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Home News UBS disappoints despite profit boost

UBS disappoints despite profit boost

Published on 29/10/2013

Swiss banking behemoth UBS said on Tuesday it had swung into profit in the third quarter, but missed analyst expectations and a regulator said it must strengthen its balance sheet.

The bank, which is in the midst of a massive restructuring after turmoil during the financial crisis, posted a third-quarter net profit of 577 million Swiss francs (467 million euros, $644 million), from a 2.1-billion-franc loss a year earlier.

But operating profit slipped slightly to 6.2 billion Swiss francs.

Analysts polled by financial newswire AWP had expected the bank, the biggest in Switzerland, to report a net profit of 600 million francs and an operating profit of 6.6 billion francs.

“The operating environment in the third quarter remained challenging,” the bank acknowledged.

Following the announcement, the price of UBS shares plunged 5.42 percent to 18.14 francs in morning trading. The Swiss stock exchange’s main index was down 0.11 percent.

The Zurich-based bank’s activities of managing private wealth turned in a pre-tax operating profit of 555 million Swiss francs, slightly down from the 557 million it made in the second quarter of the year.

UBS also saw the influx of fresh cash, which has soared in recent quarters, taper off to just 5.0 billion francs in the third quarter, down from 10.1 billion in the previous three-month period.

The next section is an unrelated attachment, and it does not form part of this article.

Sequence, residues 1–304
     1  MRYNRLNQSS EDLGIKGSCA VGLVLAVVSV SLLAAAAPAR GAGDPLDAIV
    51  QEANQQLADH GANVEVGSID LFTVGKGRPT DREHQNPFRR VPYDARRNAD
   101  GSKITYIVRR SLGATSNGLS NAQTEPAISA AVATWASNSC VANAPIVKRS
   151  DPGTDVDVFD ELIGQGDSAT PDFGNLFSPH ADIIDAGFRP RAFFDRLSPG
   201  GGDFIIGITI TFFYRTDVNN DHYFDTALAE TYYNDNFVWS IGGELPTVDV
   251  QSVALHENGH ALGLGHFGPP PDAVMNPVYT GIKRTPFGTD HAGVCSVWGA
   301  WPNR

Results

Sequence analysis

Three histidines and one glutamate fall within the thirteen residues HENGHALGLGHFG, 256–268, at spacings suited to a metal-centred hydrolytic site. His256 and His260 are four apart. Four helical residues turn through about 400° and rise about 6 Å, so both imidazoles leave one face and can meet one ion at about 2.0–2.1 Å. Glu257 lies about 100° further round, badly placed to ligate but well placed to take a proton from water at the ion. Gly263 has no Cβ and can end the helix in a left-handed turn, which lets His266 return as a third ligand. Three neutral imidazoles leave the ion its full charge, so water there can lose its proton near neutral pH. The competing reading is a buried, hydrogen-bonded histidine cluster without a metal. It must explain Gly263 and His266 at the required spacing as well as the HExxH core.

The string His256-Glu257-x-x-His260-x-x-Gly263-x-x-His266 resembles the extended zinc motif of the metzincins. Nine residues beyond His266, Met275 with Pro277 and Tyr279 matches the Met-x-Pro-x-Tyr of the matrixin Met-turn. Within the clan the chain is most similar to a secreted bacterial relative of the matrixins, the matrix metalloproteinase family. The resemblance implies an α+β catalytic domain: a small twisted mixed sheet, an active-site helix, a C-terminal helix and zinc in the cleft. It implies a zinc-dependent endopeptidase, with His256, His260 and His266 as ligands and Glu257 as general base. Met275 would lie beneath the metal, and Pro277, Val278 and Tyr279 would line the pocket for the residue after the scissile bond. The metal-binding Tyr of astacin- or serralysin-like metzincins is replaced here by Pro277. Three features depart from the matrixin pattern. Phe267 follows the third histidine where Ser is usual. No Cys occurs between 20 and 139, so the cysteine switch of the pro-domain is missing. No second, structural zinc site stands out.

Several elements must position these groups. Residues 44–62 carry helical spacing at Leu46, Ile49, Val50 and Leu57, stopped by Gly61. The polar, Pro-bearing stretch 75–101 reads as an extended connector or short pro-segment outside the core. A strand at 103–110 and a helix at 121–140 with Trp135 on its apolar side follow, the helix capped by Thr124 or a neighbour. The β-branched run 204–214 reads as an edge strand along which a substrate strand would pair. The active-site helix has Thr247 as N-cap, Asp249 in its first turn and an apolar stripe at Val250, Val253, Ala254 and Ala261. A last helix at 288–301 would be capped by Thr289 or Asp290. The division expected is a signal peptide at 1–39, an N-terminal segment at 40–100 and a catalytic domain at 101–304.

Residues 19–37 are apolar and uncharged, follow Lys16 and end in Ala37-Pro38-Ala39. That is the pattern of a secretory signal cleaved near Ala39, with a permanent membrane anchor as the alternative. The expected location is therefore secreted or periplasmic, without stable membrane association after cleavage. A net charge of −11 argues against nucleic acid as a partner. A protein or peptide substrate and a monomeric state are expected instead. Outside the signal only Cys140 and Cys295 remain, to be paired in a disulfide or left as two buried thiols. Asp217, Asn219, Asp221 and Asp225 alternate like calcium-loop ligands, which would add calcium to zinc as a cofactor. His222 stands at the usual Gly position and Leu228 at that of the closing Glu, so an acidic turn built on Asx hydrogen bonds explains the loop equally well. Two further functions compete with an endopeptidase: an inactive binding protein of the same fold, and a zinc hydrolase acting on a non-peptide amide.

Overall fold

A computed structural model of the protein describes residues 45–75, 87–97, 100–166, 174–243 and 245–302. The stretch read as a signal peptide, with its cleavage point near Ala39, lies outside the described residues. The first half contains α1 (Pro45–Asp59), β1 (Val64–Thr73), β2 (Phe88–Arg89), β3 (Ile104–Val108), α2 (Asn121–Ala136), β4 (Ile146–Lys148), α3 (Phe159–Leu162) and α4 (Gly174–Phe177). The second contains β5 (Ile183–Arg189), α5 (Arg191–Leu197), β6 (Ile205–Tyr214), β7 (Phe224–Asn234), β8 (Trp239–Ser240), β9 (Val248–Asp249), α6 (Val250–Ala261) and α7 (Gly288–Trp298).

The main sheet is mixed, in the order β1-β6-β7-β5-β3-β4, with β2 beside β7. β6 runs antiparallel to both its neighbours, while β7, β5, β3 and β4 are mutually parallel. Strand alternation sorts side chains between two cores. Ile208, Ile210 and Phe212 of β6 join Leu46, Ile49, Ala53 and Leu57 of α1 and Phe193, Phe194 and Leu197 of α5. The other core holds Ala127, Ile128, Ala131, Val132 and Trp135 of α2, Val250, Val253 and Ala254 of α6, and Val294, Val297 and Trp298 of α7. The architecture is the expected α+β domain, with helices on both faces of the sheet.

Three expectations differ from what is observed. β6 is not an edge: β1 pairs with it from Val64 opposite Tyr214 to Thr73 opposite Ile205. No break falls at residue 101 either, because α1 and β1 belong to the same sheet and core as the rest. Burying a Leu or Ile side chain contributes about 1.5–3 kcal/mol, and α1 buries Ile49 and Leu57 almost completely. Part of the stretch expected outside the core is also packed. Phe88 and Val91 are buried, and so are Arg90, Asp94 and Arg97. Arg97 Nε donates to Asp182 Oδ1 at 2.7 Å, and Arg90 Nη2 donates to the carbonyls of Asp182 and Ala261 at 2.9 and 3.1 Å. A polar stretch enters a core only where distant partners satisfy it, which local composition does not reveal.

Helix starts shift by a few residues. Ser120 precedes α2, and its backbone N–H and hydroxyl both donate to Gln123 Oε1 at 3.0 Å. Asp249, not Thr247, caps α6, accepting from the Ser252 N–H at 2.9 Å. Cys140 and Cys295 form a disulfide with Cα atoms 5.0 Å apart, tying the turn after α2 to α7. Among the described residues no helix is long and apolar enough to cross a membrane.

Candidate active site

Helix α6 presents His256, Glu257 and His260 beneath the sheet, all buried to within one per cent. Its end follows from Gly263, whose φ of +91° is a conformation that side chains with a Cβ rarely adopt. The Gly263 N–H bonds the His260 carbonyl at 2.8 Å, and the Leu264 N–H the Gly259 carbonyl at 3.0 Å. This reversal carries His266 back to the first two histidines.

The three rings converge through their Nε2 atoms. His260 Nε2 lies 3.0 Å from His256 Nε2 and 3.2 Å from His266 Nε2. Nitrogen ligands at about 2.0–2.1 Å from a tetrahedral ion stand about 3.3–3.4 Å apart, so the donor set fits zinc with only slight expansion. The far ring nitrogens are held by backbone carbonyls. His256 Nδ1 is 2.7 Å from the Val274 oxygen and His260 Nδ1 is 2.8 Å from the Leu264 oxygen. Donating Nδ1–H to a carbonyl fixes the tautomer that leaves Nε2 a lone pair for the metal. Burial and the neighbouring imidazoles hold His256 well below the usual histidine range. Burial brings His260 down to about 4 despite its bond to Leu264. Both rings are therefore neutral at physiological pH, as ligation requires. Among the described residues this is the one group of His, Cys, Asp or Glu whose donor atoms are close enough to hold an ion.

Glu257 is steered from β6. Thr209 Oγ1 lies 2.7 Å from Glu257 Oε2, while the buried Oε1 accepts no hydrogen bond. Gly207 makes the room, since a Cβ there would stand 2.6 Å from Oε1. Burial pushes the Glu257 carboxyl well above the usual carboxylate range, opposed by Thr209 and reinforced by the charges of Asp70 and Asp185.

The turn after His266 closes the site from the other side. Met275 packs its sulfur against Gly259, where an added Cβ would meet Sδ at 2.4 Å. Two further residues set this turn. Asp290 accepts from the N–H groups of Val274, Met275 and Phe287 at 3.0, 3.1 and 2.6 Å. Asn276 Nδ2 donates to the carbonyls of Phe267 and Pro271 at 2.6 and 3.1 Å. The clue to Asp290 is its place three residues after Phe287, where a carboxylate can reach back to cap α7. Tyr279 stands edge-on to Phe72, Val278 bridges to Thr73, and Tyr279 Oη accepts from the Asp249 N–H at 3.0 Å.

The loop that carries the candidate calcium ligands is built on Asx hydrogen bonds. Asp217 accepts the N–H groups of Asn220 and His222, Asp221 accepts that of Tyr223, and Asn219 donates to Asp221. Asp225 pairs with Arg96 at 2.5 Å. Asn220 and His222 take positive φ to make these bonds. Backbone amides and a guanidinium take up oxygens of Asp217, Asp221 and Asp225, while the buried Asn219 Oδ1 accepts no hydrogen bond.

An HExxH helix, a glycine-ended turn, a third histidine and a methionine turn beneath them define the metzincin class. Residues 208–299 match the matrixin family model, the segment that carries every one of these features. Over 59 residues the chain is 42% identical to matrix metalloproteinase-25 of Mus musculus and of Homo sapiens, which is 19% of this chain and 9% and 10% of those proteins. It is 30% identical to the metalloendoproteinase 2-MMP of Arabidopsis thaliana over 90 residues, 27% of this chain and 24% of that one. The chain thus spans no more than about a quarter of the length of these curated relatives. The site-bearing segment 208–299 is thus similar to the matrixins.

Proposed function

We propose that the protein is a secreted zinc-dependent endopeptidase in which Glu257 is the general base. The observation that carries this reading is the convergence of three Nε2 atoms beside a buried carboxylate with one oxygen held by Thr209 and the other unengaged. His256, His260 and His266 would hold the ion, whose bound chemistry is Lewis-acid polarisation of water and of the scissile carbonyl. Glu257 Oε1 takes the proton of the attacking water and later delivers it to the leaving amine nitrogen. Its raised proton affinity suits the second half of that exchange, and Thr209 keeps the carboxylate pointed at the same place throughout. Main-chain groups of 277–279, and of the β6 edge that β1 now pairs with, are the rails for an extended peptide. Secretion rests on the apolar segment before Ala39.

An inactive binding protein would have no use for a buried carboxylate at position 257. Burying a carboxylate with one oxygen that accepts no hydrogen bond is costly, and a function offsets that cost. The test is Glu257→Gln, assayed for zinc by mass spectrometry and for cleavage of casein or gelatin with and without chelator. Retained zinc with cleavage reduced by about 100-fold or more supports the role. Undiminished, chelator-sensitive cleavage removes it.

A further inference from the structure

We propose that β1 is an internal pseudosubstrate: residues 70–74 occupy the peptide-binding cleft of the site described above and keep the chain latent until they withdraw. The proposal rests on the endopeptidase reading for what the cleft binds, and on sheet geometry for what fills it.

Wealth management activities in the Americas, presented separately, also posted a pre-tax operating profit of 202 million Swiss francs, down 13 percent from the previous quarter.

UBS’s investment bank meanwhile turned its 2.8-billion-franc loss in the third quarter of 2012 in to a 251-million-franc pre-tax profit.

UBS is in the process of turning the page on its recent dark period, and announced a massive restructuring a year ago, including 10,000 job cuts and a shift of focus to wealth management and a scaling down of its scandal-plagued investment bank.

The investment bank burdened UBS with catastrophic losses during the 2008 subprime crisis and more recently dragged the bank’s name through the mud when it came to light that its traders had rigged the Libor Interbank lending rate that determines numerous financial and interest rate contracts around the world.

“Our results this quarter provide more evidence that our business model works in a variety of market conditions,” company chief executive Sergio Ermotti said.

The bank also said that Swiss financial regulator FINMA had ordered UBS from October 1 temporarily to increase by 50 percent its capital holdings set aside to deal with unexpected legal and compliance issues, as well as other operational risks.

“FINMA informed UBS that its decision was based on a comparison of recent loss history with the capital underpinning for operational risks,” UBS explained.

One of the effects of this requirement could be to delay the bank’s previously-stated target of reaching a 15-percent return on equity by 2015 “by at least one year,” the bank said.